Iceland will not join EU

In an interview with the Fair Observer, former Icelandic Foreign Minister outlines reasons for why Iceland will not join the European Union.

Iceland will not join EU

World Bulletin / News Desk

In an interview with the Fair Observer, Icelandic Foreign Minister Jon Hannibalsson lists the reasons for why Iceland will not join the EU.

Even though formal negotiations on Iceland’s accession to the EU began in 2010, after the country’s 2013 elections, the coalition government of the Progressive and Independence parties decided not to pursue the bid. He said that it was  not only the extreme left, but also the right and the right of center who were against the membership - parties which are traditionally speakers to the two most powerful special interest groups in the country: the ship-owners’ lobby and the farmers’ association.

The ship-owners have been given monopoly rights to utilize the fish stocks within the Icelandic exclusive economic zone. Those monopoly rights have been given out without a fee, despite the law declaring the fish stocks to be the common property of the nation.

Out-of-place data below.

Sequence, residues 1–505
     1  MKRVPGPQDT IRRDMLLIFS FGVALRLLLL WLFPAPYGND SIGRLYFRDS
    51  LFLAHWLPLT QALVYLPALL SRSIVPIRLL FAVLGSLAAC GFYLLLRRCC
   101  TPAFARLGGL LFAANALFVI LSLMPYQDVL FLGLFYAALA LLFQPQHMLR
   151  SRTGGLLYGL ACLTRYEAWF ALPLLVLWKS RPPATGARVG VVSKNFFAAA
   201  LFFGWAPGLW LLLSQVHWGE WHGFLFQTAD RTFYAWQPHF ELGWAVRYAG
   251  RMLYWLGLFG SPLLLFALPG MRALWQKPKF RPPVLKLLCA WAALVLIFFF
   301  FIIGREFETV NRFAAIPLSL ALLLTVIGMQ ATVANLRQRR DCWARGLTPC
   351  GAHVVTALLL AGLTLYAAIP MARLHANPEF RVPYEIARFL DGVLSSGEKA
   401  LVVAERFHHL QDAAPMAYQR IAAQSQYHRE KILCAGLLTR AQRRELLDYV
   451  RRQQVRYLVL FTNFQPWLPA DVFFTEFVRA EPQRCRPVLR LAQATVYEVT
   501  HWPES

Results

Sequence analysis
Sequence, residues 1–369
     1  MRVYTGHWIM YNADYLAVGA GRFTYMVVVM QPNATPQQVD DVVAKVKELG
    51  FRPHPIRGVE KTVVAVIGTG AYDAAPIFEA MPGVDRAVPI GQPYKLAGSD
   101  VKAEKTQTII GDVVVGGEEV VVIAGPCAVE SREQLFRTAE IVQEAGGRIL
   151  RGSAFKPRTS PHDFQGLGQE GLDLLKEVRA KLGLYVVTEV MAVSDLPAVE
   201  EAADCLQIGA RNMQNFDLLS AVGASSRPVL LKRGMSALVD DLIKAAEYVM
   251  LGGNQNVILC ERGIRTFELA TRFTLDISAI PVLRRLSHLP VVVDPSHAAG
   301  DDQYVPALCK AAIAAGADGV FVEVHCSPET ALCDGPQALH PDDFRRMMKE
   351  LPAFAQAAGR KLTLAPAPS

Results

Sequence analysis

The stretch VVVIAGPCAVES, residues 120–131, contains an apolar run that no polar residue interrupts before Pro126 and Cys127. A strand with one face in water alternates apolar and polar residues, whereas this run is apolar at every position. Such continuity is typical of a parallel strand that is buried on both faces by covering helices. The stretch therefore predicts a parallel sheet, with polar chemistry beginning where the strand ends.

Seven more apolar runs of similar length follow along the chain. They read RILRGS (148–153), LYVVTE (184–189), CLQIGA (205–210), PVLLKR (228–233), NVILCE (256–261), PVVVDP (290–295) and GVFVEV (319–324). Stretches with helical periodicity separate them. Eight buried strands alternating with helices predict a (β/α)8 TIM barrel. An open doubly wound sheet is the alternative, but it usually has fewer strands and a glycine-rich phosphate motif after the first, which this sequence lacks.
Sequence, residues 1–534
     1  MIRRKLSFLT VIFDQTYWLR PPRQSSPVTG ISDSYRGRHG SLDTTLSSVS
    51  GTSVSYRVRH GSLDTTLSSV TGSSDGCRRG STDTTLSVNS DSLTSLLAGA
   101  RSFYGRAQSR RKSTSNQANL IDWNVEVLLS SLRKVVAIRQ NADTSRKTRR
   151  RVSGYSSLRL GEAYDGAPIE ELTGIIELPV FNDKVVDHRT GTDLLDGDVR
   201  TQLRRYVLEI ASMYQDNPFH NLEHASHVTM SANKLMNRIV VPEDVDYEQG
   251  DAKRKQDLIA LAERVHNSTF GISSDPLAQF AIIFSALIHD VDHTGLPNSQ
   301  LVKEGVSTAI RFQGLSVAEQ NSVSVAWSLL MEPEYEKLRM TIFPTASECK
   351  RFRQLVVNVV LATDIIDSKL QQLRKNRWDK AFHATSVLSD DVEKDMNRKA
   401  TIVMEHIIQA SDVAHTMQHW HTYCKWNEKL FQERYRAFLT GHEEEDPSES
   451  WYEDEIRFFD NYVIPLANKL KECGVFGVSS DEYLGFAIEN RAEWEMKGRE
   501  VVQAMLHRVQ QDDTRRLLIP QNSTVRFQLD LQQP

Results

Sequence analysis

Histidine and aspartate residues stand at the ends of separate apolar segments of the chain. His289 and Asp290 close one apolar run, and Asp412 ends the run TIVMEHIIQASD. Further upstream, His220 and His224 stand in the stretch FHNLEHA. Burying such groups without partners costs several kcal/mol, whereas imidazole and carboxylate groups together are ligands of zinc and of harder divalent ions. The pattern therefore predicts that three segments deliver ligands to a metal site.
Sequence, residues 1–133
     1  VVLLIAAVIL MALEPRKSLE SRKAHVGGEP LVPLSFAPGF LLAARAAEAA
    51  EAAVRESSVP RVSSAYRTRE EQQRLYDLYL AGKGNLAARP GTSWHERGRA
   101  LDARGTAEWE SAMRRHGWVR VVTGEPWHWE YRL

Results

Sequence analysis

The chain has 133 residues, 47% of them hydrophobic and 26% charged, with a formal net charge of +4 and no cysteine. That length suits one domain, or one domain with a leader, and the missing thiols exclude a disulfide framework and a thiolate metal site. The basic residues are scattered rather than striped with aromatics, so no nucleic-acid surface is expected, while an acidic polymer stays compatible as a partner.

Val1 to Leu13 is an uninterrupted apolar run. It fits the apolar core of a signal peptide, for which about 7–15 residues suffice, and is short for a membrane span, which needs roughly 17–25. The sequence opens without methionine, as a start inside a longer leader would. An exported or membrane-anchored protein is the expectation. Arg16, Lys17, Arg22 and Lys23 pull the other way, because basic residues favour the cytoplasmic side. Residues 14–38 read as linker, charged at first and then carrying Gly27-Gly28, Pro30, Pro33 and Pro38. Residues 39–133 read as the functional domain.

The ship-owners’ lobby have fought hard against the proposal, saying that the fishing rights be auctioned to the highest bidder. They also consitently pour money into scare campaigns maintaining that, if inside the EU, foreign capital would buy up all the fishing rights. This sort of propaganda is effective in the fishing villages along the coast. Icelandic farmers, along with their Japanese and Norwegian colleagues, are heavily subsidized and their income comes from tax-payers through the state budget. 

Ultimately the decision to halt the process is a political one, supported by the majority of Icelanders.

Güncelleme Tarihi: 05 Şubat 2015, 17:51